Driving position and dashboard
It’s easy to get comfortable behind the wheel of the Insignia – at least initially. The steering wheel adjusts for reach as well as height, so you should be able to find a position that suits you. The driver’s seat gets electric height adjustment as standard, too.
Unfortunately, while all editions of the Insignia get electric four-way lumbar adjustment on the driver’s seat, there still isn’t enough back or leg support, so you may find yourself aching after a long journey.
There are lots of controls dotted around the dashboard, so it can be tricky to find the one you want at a glance. Versions with sat-nav have a touchscreen that simplifies matters, but it’s still not the most user-friendly set-up around.
Visibility, parking sensors and cameras
Your view out of the front is good, and it’s easy to position the Insignia’s extremities. However, the sweeping roofline and rising waistline mean that it can be hard to see over your shoulder, and the small rear window restricts the view straight back.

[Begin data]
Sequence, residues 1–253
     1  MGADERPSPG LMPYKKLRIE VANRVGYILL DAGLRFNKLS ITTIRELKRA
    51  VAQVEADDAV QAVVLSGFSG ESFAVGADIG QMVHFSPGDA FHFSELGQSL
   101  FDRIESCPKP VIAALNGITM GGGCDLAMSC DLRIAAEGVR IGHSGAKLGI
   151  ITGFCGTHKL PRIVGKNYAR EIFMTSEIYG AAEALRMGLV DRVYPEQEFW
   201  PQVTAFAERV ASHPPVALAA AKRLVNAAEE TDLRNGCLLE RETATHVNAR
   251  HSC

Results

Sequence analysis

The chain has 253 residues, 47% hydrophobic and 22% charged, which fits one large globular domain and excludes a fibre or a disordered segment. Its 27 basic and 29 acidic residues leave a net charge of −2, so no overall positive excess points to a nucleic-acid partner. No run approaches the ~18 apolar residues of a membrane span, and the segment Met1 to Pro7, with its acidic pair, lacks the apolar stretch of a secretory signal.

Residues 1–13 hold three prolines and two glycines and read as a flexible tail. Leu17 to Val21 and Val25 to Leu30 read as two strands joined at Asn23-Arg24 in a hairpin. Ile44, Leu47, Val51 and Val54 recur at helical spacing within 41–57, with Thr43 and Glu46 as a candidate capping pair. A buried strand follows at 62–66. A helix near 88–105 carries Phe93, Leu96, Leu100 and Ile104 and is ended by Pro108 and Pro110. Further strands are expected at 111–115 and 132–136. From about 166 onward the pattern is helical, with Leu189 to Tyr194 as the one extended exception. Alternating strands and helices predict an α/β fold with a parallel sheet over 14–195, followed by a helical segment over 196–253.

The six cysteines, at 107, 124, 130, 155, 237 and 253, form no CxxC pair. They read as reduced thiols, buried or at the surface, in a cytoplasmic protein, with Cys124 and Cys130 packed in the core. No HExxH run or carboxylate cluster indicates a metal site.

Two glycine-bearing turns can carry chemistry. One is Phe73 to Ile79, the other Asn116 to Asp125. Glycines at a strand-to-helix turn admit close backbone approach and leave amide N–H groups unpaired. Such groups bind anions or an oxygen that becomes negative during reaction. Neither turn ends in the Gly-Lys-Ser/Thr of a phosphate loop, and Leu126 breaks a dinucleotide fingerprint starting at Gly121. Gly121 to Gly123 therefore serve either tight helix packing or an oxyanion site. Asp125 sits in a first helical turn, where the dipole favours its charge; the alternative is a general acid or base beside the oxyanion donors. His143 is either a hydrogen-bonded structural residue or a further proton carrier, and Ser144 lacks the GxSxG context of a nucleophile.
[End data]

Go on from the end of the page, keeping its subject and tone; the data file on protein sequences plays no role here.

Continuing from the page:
Top versions come with front and rear parking sensors, although these can be added (along with a rear-view camera) to other Insignias as a cost option. A blindspot warning system is also available as an optional extra.
Sat nav and infotainment
Even entry-level Insignias get USB and aux-in sockets as standard, plus DAB radio, Bluetooth connectivity and a 4.2in colour screen. Upgrades include an 8in touchscreen with voice recognition and, as a further option, satellite navigation. The touchscreen interface for the navigation is a bit fiddly, but Vauxhall includes a touchpad between the front seats that’s a bit easier to use.
The Insignia’s cabin isn’t the last word in luxury – it can’t quite match a VW Passat’s or Ford Mondeo’s – but it is made from smart materials, with densely padded plastics in key areas of the dashboard. All of the bits that you touch regularly, such as the major switches, feel solid and built to last.
The Vauxhall Insignia Grand Sport offers competitive pricing a...